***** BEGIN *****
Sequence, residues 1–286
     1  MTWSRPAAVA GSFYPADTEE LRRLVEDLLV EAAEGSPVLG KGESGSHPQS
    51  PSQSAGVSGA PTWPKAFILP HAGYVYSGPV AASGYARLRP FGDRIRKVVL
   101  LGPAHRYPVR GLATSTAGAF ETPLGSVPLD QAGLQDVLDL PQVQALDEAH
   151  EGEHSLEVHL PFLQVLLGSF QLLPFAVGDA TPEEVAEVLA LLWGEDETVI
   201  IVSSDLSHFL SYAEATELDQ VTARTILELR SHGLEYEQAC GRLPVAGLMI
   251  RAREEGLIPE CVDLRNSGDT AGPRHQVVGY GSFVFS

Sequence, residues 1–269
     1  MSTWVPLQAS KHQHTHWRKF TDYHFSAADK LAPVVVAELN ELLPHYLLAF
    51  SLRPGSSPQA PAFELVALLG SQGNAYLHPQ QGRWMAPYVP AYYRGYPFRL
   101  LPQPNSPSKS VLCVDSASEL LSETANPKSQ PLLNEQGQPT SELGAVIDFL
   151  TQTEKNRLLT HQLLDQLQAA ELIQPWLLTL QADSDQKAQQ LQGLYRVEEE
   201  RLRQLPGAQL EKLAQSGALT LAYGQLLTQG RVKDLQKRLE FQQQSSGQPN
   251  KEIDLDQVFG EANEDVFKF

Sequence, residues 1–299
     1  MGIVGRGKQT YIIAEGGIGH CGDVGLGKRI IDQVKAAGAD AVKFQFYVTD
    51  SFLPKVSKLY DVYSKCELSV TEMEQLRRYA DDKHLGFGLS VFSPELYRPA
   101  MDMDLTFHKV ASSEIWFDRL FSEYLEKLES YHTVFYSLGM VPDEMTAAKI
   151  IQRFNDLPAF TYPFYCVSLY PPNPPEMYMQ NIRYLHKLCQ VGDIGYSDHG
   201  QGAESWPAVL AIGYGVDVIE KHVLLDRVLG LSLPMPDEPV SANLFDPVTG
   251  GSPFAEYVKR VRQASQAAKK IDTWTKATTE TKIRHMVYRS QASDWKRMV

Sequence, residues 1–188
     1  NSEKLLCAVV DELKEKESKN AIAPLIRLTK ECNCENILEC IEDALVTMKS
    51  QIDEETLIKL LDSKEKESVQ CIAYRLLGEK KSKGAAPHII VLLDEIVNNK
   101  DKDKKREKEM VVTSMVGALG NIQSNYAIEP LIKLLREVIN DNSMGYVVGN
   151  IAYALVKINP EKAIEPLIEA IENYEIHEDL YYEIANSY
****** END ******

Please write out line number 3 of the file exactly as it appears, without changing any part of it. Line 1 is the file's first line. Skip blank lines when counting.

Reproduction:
    51  PSQSAGVSGA PTWPKAFILP HAGYVYSGPV AASGYARLRP FGDRIRKVVL